A new year holds for many a fresh start, with January a popular month to make resolutions for the future.
For those looking to turn a new leaf, Roma's Clifford Collins sets the perfect example, having held his New Year's resolution for 55 years.
On a walk home from the pub on the early hours of New Year's day, 1963, Mr Collins said he resolved to give up drinking alcohol, and has never looked back.
"I started drinking grog when I was about 16. I feel that I was considered a late starter, a lot of my generation were well into it when I started,” Mr Collins said.
"I got drunk a few times in good company, I guess there wasn't much to distinguish me from anybody else who liked a drop of grog.
"I used to drink a bit of rum, whisky, brandy, and I liked my beer. I reckoned at one stage of my life that I would never give up beer, because, hey, I liked it.
"However, on New Year's day 1963, I was walking with a friend home from the pub and we started to discuss our new year's resolutions.
"It was then that I declared, "Hey mate, I'm giving up the grog.”
"My mate said "Yeah, I've heard that one before and from men better than us.” I told him I would go cold turkey and he just laughed as we went to our respective houses.
"That was to be my final night on the grog.”
Mr Collins said the decision was difficult at times, but had ultimately changed his life for the better.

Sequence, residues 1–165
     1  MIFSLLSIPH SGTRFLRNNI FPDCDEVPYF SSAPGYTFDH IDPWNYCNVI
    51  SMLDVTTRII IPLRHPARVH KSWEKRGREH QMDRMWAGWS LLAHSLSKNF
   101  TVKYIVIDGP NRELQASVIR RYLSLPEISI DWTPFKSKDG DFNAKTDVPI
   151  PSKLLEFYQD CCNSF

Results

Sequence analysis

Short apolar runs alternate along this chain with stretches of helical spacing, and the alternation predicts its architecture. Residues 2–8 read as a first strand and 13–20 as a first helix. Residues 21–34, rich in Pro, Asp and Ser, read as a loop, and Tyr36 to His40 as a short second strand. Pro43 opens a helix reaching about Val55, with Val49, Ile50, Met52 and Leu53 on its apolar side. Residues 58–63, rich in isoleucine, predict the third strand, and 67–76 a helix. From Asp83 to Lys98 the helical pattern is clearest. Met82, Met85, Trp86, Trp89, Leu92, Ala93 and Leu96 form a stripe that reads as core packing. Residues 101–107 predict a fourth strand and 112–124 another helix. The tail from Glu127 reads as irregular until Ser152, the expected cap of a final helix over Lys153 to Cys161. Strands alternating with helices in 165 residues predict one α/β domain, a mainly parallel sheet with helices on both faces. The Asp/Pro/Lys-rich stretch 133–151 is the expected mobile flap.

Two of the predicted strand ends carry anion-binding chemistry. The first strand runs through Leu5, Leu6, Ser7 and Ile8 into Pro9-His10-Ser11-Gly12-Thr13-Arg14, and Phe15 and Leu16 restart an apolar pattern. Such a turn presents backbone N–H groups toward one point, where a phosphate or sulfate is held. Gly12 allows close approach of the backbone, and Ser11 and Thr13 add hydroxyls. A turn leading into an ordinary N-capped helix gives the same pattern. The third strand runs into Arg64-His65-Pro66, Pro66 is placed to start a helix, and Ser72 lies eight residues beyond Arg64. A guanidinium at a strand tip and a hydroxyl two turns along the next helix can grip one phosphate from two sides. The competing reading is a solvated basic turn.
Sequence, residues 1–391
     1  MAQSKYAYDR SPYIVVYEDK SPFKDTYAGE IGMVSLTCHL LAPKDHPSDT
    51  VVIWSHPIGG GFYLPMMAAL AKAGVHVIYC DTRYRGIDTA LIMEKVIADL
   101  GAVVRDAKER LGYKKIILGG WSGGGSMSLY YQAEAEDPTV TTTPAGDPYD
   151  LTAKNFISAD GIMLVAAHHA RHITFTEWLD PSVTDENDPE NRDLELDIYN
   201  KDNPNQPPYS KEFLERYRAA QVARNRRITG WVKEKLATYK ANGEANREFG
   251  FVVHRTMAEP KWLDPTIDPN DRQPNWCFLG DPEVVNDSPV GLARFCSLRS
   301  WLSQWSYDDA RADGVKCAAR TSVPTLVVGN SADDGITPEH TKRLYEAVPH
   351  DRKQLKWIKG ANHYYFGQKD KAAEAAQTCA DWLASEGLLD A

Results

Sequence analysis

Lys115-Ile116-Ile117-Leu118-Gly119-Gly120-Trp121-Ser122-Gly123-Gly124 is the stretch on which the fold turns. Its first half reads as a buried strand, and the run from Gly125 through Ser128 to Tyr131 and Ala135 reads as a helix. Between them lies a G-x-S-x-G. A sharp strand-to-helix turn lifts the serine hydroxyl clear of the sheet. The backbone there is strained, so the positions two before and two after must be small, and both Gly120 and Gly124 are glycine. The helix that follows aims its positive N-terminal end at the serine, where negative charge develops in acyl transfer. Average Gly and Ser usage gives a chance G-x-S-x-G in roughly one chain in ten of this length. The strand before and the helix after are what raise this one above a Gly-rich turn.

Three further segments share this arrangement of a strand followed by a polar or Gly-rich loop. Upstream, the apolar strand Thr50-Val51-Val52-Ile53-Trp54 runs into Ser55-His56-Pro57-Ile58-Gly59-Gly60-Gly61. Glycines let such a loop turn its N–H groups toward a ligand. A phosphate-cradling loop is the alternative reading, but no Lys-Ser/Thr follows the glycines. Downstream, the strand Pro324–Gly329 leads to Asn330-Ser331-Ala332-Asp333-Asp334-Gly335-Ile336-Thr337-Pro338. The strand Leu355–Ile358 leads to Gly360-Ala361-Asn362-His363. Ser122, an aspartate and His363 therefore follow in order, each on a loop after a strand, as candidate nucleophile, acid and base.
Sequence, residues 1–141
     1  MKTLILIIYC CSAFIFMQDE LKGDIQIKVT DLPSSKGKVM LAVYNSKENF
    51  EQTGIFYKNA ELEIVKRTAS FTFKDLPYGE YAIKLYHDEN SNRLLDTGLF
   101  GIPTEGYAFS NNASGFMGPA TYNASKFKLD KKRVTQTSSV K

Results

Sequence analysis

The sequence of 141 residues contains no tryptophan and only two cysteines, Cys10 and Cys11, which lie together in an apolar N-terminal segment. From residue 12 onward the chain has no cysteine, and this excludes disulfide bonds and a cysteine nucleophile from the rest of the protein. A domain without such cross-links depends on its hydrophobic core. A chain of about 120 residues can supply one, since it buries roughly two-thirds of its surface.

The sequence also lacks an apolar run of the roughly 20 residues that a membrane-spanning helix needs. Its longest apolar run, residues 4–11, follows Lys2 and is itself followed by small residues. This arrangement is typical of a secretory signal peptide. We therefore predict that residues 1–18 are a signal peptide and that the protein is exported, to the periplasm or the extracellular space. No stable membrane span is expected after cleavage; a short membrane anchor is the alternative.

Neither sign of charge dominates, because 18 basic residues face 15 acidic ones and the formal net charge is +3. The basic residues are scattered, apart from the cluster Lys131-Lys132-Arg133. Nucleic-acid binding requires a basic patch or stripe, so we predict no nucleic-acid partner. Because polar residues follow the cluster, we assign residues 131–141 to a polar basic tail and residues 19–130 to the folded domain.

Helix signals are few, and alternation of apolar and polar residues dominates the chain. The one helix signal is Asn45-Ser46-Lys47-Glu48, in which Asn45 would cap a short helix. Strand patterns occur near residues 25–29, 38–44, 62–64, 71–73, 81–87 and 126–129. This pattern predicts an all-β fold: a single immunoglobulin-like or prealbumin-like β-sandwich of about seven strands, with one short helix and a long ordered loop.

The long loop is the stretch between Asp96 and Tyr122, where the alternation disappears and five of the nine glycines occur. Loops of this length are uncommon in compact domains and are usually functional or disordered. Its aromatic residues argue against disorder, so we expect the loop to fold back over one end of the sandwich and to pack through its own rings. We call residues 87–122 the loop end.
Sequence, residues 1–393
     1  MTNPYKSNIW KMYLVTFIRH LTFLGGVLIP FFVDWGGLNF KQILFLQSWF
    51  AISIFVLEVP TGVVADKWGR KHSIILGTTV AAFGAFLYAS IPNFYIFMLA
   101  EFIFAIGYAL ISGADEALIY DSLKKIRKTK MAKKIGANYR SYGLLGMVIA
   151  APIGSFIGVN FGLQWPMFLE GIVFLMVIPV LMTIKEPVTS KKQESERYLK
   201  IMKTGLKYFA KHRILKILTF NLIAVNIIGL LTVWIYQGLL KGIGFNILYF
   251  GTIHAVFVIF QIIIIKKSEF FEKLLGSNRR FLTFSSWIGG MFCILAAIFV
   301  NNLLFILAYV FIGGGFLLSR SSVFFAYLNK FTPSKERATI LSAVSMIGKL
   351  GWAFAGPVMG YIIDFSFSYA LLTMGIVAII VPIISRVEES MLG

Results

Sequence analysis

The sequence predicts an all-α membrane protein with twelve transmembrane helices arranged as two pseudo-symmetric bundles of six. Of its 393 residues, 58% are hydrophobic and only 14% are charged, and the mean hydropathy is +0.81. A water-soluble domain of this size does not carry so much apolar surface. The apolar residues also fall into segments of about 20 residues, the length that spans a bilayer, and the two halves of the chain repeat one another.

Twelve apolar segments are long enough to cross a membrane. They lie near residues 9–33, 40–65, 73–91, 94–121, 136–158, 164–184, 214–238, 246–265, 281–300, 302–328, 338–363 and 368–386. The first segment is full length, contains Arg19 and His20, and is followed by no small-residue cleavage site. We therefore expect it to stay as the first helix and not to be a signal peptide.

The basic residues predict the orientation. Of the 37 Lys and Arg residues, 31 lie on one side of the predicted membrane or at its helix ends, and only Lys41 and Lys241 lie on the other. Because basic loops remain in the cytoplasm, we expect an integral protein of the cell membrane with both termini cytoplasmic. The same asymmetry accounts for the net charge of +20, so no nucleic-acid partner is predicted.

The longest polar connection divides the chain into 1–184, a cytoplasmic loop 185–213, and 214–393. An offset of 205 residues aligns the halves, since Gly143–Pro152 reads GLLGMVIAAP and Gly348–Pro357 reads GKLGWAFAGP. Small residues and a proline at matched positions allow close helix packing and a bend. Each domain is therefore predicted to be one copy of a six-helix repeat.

"Sometimes it was tough, and there were many people in my life who assisted me to get where I am today,” Mr Collins said.
"All my old mates waited for me to break. It was all in good fun to bait me and offer me grog, and some tried to spike my soft drinks. Then some of my old drinking friends became critical of me.
"I feel I gave [alcohol] away because it was hard enough to live and provide for my family. During my early working life, I had the privilege of working with old bushmen, men who were masters at their trade. Funny thing though, not many accumulated any great amount of material wealth. I owe a lot to those bushmen who gave me a good grounding for my future life.”
For those pondering their resolutions and for those who have made them, Mr Collins has some sage advice.
"Don't be afraid to break away from the crowd and be your own person, the gain will exceed the pain.
"I tell people that I didn't do many smart things in my life but giving up the grog was the smartest things I ever did. This single act affected me for the better in my life.”
Mr Collins said that it was never too late to make a change, adding that his 2018 resolution is to 'continue taking care of his wife,' who he described as his rock.